The fallout from the USA’s heaviest Ryder Cup since 2006 has started.
Shortly after the Americans’ press conference at Le Golf National, Patrick Reed spoke to the New York Times and took a pop at Jordan Spieth for causing the break-up of their successful partnership.
By successful, in the two Ryder Cups the pair have played, they have taken five points from a possible seven, making them the most successful US partnership of all-time.
But, according to Reed, the inclusion of Justin Thomas to the team changed everything, although he believed it shouldn’t have.
Thomas partnered with Rickie Fowler at last year's Presidents Cup to great effect and, in the build-up to the match, Reed widely expected to be continuing with Spieth.
However, the Masters champion was instead put with Tiger Woods and they lost both of the fourball matches, while Spieth and Thomas won three out of their four matches together.
“The issue’s obviously with Jordan not wanting to play with me,” Reed told the New York Times.
“I don’t have any issue with Jordan. When it comes right down to it, I don’t care if I like the person I’m paired with or if the person likes me as long as it works and it sets up the team for success. He and I know how to make each other better. We know how to get the job done.”
Reed's comments confirm remarks made by his wife, Justine, above, on Twitter over the weekend, where she also took aim at Spieth as well as captain Furyk.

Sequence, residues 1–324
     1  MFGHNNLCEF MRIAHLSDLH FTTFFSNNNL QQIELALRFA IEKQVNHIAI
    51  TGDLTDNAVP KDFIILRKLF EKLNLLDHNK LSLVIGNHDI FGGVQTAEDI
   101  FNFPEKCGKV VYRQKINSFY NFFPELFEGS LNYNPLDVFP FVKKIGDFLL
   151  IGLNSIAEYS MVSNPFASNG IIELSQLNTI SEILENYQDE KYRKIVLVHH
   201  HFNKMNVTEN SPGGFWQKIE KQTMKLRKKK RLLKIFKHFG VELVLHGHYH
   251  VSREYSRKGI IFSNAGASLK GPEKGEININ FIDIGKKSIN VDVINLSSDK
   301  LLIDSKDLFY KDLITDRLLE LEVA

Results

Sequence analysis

When the pair were asked about the break-up in the losing press conference, both stared at each other awkwardly then smiled.
Spieth said his bit, Furyk stepped in then, as Reed was about to speak, the press conference was halted as the victorious Team Europe were en route.
When he spoke to the New York Times less than an hour after the press conference ended, he added: "I was looking at him like I was about to light the room up like Phil in ’14.
“Every day, I saw ‘Leave your egos at the door,’” referring to signs displayed in the US team room. “They [the Europeans] do that better than us.”
Reed also questioned Furyk for his lack of involvement in Paris, playing in only three of the five sessions. He played four on debut at Gleneagles and all five at Hazeltine two years ago.
"For somebody as successful in the Ryder Cup as I am, I don’t think it’s smart to sit me twice," he added.